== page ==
In November 1963, I was 23 years old, a Ph.D. student in political science at Stanford University. On Friday morning, Nov. 22, about 10 minutes after my class in advanced probability theory began, a cute, red-haired classmate rushed in and yelled, "The President's been shot! The President's been shot!" Then she turned around and walked out.
We were all stunned. Our professor, Emanuel Parzen, reminded us that this was the weekend of the annual Stanford-Cal football game and said, "Rumors are always rampant on this weekend."
After class, I walked over to the Student Union and walked upstairs to the television room, which was jammed packed with students and faculty. I remember watching Walter Cronkite, tears in eyes, saying that President Kennedy had died....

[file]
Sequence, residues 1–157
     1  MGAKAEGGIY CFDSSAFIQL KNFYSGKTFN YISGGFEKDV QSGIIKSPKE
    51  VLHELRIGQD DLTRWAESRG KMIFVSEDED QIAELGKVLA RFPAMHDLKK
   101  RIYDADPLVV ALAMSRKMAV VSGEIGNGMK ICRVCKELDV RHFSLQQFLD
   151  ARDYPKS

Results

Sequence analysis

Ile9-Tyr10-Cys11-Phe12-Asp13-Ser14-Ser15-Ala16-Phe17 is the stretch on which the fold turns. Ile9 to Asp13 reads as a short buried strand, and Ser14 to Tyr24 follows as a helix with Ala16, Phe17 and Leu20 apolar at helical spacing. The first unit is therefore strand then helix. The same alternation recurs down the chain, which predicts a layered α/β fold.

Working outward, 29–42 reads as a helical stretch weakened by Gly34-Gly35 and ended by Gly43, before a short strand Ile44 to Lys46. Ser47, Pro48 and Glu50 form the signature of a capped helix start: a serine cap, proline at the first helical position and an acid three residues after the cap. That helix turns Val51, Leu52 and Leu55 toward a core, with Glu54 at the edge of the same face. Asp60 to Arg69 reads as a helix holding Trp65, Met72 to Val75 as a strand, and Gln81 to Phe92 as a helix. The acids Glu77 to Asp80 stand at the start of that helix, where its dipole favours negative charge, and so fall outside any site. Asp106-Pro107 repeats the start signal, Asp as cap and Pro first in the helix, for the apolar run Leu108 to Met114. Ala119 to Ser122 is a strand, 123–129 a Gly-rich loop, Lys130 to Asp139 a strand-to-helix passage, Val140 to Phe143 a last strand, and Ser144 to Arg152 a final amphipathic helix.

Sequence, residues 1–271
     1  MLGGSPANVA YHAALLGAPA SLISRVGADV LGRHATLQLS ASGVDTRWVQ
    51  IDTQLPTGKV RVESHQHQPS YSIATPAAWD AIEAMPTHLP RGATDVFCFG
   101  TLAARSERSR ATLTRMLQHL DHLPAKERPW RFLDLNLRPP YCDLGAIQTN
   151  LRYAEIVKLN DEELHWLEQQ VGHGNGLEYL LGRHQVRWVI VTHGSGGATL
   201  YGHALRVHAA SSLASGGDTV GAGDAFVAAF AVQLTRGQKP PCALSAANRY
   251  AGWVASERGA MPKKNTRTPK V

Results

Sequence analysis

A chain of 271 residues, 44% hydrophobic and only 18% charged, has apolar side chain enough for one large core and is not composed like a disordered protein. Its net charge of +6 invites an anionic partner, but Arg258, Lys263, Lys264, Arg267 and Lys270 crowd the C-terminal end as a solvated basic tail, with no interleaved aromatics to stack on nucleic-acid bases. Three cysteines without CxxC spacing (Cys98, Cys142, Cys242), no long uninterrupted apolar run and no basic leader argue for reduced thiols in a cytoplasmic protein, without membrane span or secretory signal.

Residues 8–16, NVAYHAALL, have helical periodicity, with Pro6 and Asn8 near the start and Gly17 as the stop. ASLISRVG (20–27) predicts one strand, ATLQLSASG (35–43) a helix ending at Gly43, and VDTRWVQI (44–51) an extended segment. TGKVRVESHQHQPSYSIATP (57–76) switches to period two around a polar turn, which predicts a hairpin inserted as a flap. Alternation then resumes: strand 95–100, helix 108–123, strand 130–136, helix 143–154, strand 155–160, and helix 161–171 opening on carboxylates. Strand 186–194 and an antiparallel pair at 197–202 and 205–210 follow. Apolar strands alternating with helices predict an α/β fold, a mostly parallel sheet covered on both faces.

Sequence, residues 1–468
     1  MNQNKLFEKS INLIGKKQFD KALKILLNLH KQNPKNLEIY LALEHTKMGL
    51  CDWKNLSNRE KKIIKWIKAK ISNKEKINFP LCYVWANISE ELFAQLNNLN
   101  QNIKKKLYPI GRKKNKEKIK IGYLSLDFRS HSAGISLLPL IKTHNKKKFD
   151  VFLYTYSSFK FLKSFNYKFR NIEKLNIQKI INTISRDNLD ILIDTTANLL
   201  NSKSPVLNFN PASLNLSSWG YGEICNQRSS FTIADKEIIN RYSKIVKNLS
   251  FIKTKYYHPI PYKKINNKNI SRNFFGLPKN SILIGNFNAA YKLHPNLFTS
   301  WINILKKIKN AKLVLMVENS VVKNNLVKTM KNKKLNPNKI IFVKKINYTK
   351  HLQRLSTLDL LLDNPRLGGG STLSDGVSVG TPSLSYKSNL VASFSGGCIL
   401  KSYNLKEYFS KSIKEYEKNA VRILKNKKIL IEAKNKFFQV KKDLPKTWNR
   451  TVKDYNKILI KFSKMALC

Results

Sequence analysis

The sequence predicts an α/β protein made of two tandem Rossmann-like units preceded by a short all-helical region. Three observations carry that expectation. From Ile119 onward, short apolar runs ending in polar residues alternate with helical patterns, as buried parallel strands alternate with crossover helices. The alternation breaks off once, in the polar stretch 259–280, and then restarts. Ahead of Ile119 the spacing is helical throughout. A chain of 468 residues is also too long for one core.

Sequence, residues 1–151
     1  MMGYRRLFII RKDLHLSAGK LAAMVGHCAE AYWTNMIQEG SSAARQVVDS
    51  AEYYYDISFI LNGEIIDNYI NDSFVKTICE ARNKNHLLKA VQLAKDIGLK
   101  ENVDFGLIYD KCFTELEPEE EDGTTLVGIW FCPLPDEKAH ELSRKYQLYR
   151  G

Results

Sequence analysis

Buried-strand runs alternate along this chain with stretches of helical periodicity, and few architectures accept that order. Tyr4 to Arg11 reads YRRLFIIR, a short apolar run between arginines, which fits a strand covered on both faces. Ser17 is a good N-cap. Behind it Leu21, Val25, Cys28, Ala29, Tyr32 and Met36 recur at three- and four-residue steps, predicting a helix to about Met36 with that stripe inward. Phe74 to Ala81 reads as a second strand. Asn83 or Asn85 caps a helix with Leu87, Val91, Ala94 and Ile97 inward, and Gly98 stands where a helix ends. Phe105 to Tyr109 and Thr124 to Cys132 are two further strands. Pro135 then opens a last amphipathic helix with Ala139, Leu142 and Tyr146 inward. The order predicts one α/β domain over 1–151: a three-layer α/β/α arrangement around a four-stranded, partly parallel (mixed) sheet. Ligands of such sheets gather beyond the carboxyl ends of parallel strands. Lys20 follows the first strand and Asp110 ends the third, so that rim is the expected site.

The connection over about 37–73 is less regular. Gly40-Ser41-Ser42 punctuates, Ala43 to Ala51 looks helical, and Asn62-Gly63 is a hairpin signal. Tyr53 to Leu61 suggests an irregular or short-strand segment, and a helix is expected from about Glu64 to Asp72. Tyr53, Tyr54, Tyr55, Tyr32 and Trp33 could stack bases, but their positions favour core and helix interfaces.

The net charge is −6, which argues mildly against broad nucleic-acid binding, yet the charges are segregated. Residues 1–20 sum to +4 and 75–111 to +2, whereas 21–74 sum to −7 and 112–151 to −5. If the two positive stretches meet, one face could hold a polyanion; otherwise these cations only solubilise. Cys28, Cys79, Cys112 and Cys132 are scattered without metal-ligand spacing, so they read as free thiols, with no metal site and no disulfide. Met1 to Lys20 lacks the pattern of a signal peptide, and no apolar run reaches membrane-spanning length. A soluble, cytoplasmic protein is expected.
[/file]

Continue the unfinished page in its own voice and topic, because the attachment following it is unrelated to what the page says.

Everyone was stunned. There wasn't a dry eye in the room.
I have often thought about that day. The next few days that November remain a blur. I was really glad to spend the following Thursday, Thanksgiving, with my family down the Coast. We were all still shocked by the news of Kennedy's assassination. We asked one another where they were when they heard the news. That was the question we often asked people after that tragic day.
In 1968, we would see Dr. Martin Luther King and Bobby Kennedy die from assassins' bullets.
But many good things happened during the 1960's, especially in the world of popular music. I began my writing career in 1966 and have pursued it ever since. And I met my best friend in 1968. Although we have had our ups and downs, she and I are still together.
But whenever November 22nd comes around, I always think about what happened to President John F. Kennedy in Dallas on that day -- and pray.
Abraham, Martin and John